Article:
In the bathroom, 2 people ordered me to pull my pants down and pee in a cup. They wanted to see me peeing to make sure there were no tricks involved. Theoretically, if I tested hot for something, would someone smoking weed at home last week be a crime? And would this test really hold up in court, considering the cup they used was one they grabbed from the snack counter nearby 30 seconds ago? I find that not very credible, not sterilized in a controlled environment at all. Side note: the 2 dudes who handled my pee cup to do a quick test on it didn’t wash their hands when we left the bathroom. Ewww.
Are We Done Yet?
Now that all 3 tests they did on my pee cup came up negative, we should be done. Right? “No, now you talk to the boss.” Great, when is he coming? No response.
Surprisingly, they never ordered me to stop using my phone or took it away from me. I used this to my advantage. First, I regularly updated the driver outside via WhatsApp. This not only prevented him from leaving me there with no ride, it also gave me a way to keep notes on the proceedings. Second, if they were convinced I was some mastermind drug smuggler, I needed to show them I’m not. I took screen shots of articles I’ve written on this site. Downloaded photos of me in various countries. Official US government websites showing that having dual citizenship and multiple passports because of it is totally legal. It was time to paint myself as “just a world traveler” and get out of the “drug suspect” category.
When the boss arrived, I had a ton of knowledge from his team whispering about me in French without knowing I understood. I knew their idea was that “people from Brazil only come here to sell drugs” and that my passports must be fakes. Combatting those directly was what I needed. I was also increasingly annoyed with how nonsensical the process was.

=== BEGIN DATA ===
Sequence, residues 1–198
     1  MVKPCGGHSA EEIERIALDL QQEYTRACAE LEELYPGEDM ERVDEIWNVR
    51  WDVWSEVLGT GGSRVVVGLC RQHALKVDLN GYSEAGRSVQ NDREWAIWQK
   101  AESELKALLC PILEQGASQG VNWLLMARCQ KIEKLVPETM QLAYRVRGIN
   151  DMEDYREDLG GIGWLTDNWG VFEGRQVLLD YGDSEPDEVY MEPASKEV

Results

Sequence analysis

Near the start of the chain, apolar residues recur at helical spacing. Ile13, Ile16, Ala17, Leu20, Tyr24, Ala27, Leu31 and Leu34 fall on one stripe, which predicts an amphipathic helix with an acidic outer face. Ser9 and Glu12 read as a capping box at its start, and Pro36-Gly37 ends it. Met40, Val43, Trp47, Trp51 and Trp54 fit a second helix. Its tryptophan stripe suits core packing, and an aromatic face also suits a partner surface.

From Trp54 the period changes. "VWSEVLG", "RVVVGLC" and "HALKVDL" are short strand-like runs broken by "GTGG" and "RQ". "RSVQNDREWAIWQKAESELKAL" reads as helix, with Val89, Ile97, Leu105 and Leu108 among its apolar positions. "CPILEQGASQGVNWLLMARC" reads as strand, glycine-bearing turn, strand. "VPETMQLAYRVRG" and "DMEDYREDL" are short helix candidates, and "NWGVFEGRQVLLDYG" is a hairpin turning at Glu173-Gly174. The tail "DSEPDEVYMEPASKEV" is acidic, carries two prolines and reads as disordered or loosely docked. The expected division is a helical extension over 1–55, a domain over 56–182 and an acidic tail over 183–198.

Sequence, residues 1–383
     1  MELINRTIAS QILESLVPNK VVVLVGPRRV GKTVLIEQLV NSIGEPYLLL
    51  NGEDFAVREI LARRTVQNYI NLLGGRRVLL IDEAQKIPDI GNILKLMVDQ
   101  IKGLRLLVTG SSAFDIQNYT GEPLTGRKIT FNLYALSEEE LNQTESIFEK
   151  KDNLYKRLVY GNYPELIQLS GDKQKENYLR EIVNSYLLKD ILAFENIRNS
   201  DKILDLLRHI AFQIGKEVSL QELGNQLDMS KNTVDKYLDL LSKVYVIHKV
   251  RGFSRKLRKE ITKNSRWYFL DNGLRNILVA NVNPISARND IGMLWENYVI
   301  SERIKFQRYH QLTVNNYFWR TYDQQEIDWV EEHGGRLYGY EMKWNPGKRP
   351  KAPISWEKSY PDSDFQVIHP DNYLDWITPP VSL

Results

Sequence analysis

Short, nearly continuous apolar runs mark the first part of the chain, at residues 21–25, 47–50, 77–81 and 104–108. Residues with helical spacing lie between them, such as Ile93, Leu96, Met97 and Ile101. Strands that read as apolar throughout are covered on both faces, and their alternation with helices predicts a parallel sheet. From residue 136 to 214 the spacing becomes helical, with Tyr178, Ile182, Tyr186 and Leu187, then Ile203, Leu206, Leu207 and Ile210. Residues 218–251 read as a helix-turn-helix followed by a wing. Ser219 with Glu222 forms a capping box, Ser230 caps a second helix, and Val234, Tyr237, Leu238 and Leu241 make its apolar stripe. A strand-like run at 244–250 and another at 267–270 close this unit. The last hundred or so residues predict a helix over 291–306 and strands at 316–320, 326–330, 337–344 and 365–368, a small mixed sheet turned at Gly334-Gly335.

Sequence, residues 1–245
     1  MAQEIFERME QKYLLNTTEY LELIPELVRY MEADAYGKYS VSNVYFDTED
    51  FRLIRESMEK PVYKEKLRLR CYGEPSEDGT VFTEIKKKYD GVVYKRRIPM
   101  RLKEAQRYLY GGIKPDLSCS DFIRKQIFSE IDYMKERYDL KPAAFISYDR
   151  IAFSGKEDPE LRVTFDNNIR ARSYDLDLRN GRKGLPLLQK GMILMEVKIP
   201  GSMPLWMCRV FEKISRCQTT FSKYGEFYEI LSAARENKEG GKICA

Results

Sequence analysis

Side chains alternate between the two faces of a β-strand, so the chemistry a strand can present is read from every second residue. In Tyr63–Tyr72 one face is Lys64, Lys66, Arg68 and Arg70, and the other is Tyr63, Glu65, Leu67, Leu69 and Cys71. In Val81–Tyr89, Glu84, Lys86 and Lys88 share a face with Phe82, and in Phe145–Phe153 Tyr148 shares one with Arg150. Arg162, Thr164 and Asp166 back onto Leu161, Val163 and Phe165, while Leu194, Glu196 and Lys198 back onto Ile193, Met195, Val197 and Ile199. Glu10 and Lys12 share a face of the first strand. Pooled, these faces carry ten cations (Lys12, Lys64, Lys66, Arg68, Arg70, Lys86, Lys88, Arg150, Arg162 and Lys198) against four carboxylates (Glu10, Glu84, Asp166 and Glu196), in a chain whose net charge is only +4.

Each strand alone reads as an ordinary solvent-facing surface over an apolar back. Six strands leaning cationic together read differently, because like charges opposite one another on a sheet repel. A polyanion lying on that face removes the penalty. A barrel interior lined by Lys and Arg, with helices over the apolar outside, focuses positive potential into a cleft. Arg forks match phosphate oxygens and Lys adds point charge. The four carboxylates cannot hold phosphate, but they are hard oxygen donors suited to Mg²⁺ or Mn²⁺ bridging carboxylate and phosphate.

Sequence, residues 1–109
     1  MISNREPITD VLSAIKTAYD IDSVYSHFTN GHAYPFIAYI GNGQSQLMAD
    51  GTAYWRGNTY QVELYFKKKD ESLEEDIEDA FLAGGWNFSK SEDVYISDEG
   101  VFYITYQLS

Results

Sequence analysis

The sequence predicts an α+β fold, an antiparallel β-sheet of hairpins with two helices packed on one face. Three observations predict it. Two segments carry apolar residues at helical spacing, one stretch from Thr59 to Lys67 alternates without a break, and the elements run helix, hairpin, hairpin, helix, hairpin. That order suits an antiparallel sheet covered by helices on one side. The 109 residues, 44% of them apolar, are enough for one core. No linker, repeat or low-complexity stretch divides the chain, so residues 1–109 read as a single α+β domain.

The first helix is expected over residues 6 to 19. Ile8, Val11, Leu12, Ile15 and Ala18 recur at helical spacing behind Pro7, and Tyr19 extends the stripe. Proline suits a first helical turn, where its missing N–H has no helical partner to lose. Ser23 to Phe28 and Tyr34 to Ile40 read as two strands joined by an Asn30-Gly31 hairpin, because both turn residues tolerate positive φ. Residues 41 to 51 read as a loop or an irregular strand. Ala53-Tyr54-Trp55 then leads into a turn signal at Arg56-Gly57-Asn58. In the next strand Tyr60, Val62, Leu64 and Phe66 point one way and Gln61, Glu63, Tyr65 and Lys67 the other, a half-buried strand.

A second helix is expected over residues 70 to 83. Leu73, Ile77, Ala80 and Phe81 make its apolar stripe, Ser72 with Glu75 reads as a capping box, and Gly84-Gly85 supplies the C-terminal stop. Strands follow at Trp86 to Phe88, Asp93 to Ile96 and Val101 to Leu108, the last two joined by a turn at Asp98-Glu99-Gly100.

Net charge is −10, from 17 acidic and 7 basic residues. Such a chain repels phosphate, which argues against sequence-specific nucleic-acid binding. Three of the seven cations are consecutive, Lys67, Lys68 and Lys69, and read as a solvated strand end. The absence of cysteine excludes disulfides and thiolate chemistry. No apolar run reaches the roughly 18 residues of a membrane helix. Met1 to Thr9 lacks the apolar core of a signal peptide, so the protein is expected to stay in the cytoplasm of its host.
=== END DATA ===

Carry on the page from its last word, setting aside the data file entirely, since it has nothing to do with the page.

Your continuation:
“Hey, your team thinks I’m involved with drugs. I did a pee test with a negative result, and here is a giant tattoo on my leg that says ‘drug free’. They searched my stuff many times. I’m just a traveler trying to visit every country in the world. Here are pictures, here is information on dual citizenship, and everything your team thinks it knows has clearly been wrong. What else do you need, so I can leave?”
He asked them in French, and, yup, they found nothing. He looked at some of my pictures, sent a text message to his supervisor that I’m just a world traveler, and I was on my way. The guy who had been murmuring about “drug dealers from Brazil” made sure I put my bags through the scanner at customs, since they…didn’t know what was inside? I left the airport after 3 hours of hearing how I clearly was a drug mule, because everyone from my country is a criminal. That’s prejudice, big time.
Twice, Just To Be Extra Annoying
For sure, I was a victim of discrimination at the airport. Lest you think this was just a random screening gone bad or that I’m exaggerating, let’s talk about my return to the airport.
I decided my Togo experience was not a good one. Lomé isn’t a very big city, and I felt like I got my fill in one day. That night, I changed my ticket to leave and decided to head to Abidjan, Cote d’Ivoire the following afternoon.
Guess who was waiting for me at check-in for my flight.
The same “he’s from Brazil” guy and the boss from the drug team.
“You told us you were staying longer, but you are leaving in 1 day. Why did you lie to us?”
“I changed my ticket. Do you think I felt welcome in your country? I decided to leave.”
And back to the baggage inspection we want. AGAIN, they took apart my bags to see if there was a false lining, 2nd skin, etc. to hide things in. Once again, they did all kinds of tapping to listen for echoes, like something is hidden in the handles. And once again they patted me down, searched me, and questioned me. Again with the speaking in French thinking I couldn’t understand. “A Brazilian comes here and leaves after 1 day. Maybe he wasn’t bringing the drugs in yesterday, he’s taking them out today.” Right. Good job, Inspector Gadget, but your intel is garbage.
“So, why are you leaving after just 1 day?”
“Imagine you were treated like this when coming to my country. Would you feel welcome? And would you want to stay?”
They got my point.
An Interesting Surprise – Someone Helpful
When checking in, they told me I couldn’t bring my carry-on bag, due to small overhead bins on the plane. I needed to check it. Whenever I need to check a bag, I have yellow zip ties with numbers on the end. I put those on the zippers to know if someone opened my bag. My wife bought a bag of 100 of these for $3. A picture of this zip tie/code before dropping your bag is a pro travel tip. I absolutely wanted to know if my bag was opened–maybe forcing me to check it was a ploy to get to inspect my bag without me present, and I wanted a way to track it. (Note: my bag arrived at my destination with the zip tie intact.)